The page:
With a 96% success rate according to Sanders, the need to help more ex-prisoners getting out as well as demand to become a participant has boosted the 'Restoration Village' project, something that was a few years in the making.
Jennifer Meade, a current JUMPSTART participant, said the organization has changed her life for the better. She said she served time in prison three different times, but now has a new outlook on life.
“I got out March 1, 2022, and I came to JUMPSTART,” Meade said "When I got out the second time, I didn’t have anywhere to go. So, I went back to the same thing I was doing. The first two times I knew nothing about JumpStart, and this last time I knew I had to do something different with my life.”
Meade said she hopes her journey of turning her life around will inspire someone else in a similar situation to make the necessary changes they need to, to put their lives on a positive track.
"You have to put the effort in and give 100%, and you’ll be fine," Meade said.
Sanders said the remainder of the village will rely on support from the community. He hopes to have the village completed in its entirety by 2025.
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WELLFORD, S.C. (FOX Carolina) - “Breaking Bread for Jesus” says it needs more food.Simply put—the needs for food insecure families continue you grow, in Spartanburg County.When the soup kitchen first started, organizers say it was only serving about 30 to 40 plates a week. Now, that’s more than quadrupled to almost 200 per week. It just goes to show how great need has grown over the years.As soon as volunteers open their doors at 11 a.m., the orders start pouring in. And director Gail Eanes...
WELLFORD, S.C. (FOX Carolina) - “Breaking Bread for Jesus” says it needs more food.
Simply put—the needs for food insecure families continue you grow, in Spartanburg County.
When the soup kitchen first started, organizers say it was only serving about 30 to 40 plates a week. Now, that’s more than quadrupled to almost 200 per week. It just goes to show how great need has grown over the years.
As soon as volunteers open their doors at 11 a.m., the orders start pouring in. And director Gail Eanes says everyone who comes isn’t homeless.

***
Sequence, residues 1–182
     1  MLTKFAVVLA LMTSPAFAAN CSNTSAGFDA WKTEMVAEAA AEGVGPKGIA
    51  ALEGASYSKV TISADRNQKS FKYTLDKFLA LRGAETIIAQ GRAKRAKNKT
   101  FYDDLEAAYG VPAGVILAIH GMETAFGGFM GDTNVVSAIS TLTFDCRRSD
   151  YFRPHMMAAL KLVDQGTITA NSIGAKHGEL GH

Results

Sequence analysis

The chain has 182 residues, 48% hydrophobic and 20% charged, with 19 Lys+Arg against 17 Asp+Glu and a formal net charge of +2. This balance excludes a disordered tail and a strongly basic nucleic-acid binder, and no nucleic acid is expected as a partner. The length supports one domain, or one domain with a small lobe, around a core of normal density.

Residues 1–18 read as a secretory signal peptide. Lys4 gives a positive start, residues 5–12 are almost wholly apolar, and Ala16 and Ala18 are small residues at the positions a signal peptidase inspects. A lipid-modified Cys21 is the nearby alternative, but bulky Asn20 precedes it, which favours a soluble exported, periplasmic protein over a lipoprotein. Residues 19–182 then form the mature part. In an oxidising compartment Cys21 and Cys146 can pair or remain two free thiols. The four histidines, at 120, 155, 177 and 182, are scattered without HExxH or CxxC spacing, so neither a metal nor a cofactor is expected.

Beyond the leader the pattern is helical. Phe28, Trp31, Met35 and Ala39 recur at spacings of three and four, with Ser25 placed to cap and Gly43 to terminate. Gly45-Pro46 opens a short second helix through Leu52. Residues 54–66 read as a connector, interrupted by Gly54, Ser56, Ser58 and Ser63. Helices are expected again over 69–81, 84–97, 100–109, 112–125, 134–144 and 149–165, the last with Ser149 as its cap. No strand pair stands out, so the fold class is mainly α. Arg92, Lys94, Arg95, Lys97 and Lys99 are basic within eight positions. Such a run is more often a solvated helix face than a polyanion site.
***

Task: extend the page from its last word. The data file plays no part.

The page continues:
“We don’t ask any questions. We assume when they come in the door that they’re hungry or they know somebody that’s hungry. So, we feed them. That’s what God has called us to do.” said Eanes.
Back in 2015, after volunteering at a different soup kitchen, Eanes realized some families in the Wellford-Duncan-Startex-Jackson-Lyman area needed help. That’s when “Breaking Bread for Jesus” was born.
“We know that it’s getting worse every day,” Eanes said, “There are more and more people that are coming into the doors here. And then, by Thanksgiving, I look for an increase of, at least, 15 percent.”
Volunteers serve the community fresh, home-cooked meals, 365 days a year—since the kitchen started. Some take for themselves. Some take for others, like Glenna “Faye” Holcombe.
“I’m sharing it with my mom, with a neighbor down the street. He cannot get out and drive anymore. So, I take different food to different people,” Mrs. Faye said.
Mrs. Faye says landing on their doorsteps is food is made with love.
“They’re not only concerned about the homeless. They’re concerned about the neighborhood. This is a community program,” Mrs. Faye continues, “And the food is delicious.”
Eanes says, despite setbacks, they will keep breaking bread, until it’s all gone.
“Our pantries are lower, right now, than they have been since we started,” said Eanes.
Mrs. Faye says the community needs it.
“Because of the economy now, everything is very expensive. People are hungry,” said Mrs. Faye, “And you wouldn’t think, in this country that we live in, that hunger would be here, but it’s here.”
“Breaking Bread for Jesus” will serve food on Thanksgiving and Christmas day. The kitchen is in need of food donations, monetary donations, and volunteers. So, if you’re interested, visit their website.